Alwin Henseler (640539) | more than 6 years ago | (#20845057)

The hardest part about being in IT is trying to protect users (and our systems) from themselves.

There's a number of separate issues here:

1) IMHO, it's impossible to protect users from messing with their own data, IF you want to make systems useful. A good option could be a versioned filesystem on a remote server (outside direct control of the user), where old versions of his/her files could always be retrieved. Without that, a user that says: "delete file XYZ on my local drive" will just do so, regardless of whether that was the intended or sensible thing to do.

2) It's next to impossible to make the complex software systems of today 100% bug-free. So you always have the chance that some program fucks up (remotely triggered, on purpose or otherwise), and screws up user data. A sensible (automated?) backup strategy should protect you from this one though.

3) And then there's the OS kernel, core libraries, hardware drivers, bootup files etc. This should be the easiest part IMO. It should be possible to have systems where users can fuck up their own data, and sometimes get hit by crappy/malicious programs, but where the base of the system remains functional and reliable, regardless what happens to everything running on top of it. When I consider it's about 25 years ago I first got familiar with the concept of a personal computer, I am really *AMAZED* the IT industry hasn't even reached this point. Is it really *THAT* hard to design software systems where users can add & remove 3rd party packages or update non-essential components, without endangering the core functionality of the system? That's not a user friendliness vs. security, but an overall system design issue.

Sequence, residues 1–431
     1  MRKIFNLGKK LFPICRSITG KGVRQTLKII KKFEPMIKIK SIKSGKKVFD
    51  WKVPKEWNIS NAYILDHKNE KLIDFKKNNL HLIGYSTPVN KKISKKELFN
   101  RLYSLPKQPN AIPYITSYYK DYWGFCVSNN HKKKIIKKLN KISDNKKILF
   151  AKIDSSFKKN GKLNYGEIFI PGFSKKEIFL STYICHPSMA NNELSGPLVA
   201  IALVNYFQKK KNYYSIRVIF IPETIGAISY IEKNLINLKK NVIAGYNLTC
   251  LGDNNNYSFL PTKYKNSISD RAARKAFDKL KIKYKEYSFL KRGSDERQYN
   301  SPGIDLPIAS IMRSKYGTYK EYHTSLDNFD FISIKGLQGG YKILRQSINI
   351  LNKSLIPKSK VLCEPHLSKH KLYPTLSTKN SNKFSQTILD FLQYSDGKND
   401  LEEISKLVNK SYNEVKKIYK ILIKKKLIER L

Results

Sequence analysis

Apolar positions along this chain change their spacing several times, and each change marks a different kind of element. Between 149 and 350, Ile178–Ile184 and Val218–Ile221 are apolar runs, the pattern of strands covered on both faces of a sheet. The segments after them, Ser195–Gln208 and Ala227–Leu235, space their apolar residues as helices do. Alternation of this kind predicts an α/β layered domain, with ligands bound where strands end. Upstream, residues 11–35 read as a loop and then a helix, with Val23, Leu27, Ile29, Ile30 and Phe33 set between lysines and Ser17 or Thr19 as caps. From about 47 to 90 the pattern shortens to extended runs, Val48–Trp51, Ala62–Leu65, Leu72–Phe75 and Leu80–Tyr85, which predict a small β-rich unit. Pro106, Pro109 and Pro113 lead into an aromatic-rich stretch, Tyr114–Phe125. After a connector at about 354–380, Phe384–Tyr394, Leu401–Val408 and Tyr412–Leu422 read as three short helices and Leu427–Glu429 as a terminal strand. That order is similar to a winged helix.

My Theory: XP can work, but not with kids (4, Interesting)

spagetti_code (773137) | more than 6 years ago | (#20844407)

Similar here, but I've run XP, *no* AV, *no* anti-spyware etc for 4 years. I do have a firewall/wireless hub for the house. I browse with Firefox only, and thats kept up to date and has Adblock and NoScript. My mail is scanned (although quite a few nasties sneak through).

My wife is computer illiterate, but she knows she's only supposed to open a small set of attachments and sees me about the rest. She knows not to open anything she doesn't recognize.

4 years, no viruses/spyware etc. I've tried a couple of those online scans and they came up clean.

However, now the kids are starting to use the PC.... I've switched to Ubuntu. I not convinced I can set up an XP machine that can't be infected by them.